Eight years ago when Java Dance Company first started touring schools I remember a teacher approaching me at the end of our show and workshop and saying, “I loved the maths connections”. I remember thinking “What maths connections?” Then I thought a little deeper and danced a little more. I realised she meant the shapes and formations the dancers were making, the directions, the patterns, the musical relationships and the counting. This led us to formalise the way dance relates to school subjects. I started to analyse the physics of partnering, the maths of musicality, the English comprehension of interpreting themes in choreography, the biology of dance technique and the history and culture embedded in movement vocabulary. I explored the connection between dance and PE, warming up the body and developing fitness, strength, co-ordination and flexibility. The connections revealed themselves in abundance and I struggle to find a subject that doesn’t have an inherent connection with dance. The fact is we all start with the body and the mind. The connections are there to be found.  

This year Java offers dance workshops where the school can pick any topic they want and we use dance to explore that topic. Our South Island schools tour in May will offer a range of workshops from straight dance, through to dance exploring globalisation, science, citizenship, inclusion and cultural diversity.

We enjoy the challenge of peeling back the layers to reveal how dance can explore any given subject. There never seems to be any need to impose links. The connections hover beneath the surface, simply waiting to be found.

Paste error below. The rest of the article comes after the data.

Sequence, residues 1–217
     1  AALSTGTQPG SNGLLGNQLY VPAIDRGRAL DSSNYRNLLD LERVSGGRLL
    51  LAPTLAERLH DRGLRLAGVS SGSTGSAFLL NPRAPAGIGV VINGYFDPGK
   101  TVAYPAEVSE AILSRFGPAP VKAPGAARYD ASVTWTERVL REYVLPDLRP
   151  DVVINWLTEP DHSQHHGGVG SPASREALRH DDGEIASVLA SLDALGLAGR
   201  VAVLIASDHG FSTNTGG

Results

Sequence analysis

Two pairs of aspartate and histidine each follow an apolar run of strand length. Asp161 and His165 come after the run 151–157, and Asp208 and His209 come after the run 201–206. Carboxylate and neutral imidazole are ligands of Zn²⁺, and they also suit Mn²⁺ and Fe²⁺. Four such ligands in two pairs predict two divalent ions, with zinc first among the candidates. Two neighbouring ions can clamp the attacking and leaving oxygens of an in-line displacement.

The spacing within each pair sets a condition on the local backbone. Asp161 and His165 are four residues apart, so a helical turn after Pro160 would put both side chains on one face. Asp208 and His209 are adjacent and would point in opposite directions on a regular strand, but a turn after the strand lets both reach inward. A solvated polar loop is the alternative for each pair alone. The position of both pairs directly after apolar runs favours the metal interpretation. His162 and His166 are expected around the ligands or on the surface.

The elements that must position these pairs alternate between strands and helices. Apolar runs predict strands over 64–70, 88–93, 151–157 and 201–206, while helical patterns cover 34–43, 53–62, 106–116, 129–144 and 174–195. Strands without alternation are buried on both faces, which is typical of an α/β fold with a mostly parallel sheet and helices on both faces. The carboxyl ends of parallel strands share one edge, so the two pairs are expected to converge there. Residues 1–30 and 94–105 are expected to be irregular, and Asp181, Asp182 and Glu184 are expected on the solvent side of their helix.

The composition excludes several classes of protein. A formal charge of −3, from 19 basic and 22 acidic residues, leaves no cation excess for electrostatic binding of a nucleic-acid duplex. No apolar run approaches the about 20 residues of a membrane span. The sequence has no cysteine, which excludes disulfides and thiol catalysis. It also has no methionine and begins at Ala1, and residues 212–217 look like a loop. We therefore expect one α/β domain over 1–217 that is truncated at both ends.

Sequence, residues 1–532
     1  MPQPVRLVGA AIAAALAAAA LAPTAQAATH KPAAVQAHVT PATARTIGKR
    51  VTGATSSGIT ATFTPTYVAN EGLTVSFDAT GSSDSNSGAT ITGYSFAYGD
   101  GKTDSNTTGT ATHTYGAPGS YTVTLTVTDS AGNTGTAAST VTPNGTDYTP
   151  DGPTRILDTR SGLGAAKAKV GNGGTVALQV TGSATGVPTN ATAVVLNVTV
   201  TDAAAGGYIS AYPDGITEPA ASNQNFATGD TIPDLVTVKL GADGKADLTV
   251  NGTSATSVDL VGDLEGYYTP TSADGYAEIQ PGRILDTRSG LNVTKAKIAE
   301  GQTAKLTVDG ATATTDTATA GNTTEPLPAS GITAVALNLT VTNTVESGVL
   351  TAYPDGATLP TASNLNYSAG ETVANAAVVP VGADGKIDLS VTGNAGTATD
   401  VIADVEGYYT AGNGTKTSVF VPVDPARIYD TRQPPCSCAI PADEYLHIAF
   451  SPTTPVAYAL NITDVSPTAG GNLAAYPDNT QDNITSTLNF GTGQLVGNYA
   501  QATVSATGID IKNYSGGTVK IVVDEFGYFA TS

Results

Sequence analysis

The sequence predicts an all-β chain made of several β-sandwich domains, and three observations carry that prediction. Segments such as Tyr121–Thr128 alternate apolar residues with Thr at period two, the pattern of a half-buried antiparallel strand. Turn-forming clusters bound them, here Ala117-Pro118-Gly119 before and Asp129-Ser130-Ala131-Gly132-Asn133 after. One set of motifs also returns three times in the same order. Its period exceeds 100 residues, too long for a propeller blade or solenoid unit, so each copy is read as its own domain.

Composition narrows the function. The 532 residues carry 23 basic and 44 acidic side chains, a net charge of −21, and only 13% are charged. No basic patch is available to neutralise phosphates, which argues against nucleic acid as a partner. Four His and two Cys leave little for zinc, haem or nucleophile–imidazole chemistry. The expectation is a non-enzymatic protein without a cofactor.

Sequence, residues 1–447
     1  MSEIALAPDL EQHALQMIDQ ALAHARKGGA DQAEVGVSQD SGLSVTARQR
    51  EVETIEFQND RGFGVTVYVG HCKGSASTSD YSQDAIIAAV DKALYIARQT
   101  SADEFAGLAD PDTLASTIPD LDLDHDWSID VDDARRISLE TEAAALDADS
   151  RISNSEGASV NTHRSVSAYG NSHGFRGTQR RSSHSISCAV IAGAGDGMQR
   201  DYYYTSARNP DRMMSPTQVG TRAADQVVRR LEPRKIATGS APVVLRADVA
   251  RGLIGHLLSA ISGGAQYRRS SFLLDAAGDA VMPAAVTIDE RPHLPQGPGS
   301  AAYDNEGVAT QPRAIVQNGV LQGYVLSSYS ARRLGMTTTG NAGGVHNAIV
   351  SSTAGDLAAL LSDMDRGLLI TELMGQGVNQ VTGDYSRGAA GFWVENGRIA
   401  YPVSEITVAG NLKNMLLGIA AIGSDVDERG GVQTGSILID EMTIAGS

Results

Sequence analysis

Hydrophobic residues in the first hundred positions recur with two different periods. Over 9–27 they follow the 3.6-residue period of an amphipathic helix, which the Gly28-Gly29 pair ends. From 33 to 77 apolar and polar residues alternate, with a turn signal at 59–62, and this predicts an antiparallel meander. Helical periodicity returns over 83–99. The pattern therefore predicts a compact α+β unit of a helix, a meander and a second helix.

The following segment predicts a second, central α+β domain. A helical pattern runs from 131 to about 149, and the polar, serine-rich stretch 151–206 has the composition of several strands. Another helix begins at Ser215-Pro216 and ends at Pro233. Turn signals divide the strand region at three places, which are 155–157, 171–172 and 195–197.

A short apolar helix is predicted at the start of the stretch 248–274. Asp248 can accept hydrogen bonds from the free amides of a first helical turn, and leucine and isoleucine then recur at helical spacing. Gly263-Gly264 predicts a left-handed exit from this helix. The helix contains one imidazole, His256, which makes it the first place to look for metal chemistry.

It is a fascinating research process and feeds back into Java’s choreography in unexpected ways. For example our Globalisation workshop entails learning a short dance inspired by the movement of a chosen country - Argentinian Tango, Spanish Flamenco, Greek Folk Dance, American Crumping and kapa haka. After establishing these distinct dances, we mix movements from each country’s dance to create a ‘globalised’ dance. The students experience ‘globalisation’ in their bodies, gaining an insight into each culture’s perspective, the way they interface with each other and what is created when the lines between them start to dissipate. As the students explore their globalisation topic, the Java dancers gain a deeper understanding of the relationships between dance styles and the influences that feed into the way we move in the world today.

Perhaps the most satisfying aspect of this process is when you encounter a kinaesthetic young person who finds academic learning a challenge. I love the moment in the dance workshop when their face lights up and they realise they have mastered the given topic. They have mastered complex ideas through their body, their physical investigation and their creativity. They look relieved and the world suddenly makes sense. In that moment the function of dance in the wider world seems abundantly clear.

Dance is a way for people to unite body and brain. It is a way for them to fulfil all the key competencies in the NZ Curriculum, physicalizing thought, managing self, relating to others, using images and symbols, participating and contributing. Expressing an idea through movement is a kinaesthetic way into the curriculum and also, as we have discovered, a way into the audience’s hearts.

“Dancing is just discovery, discovery, discovery.”  - Martha Graham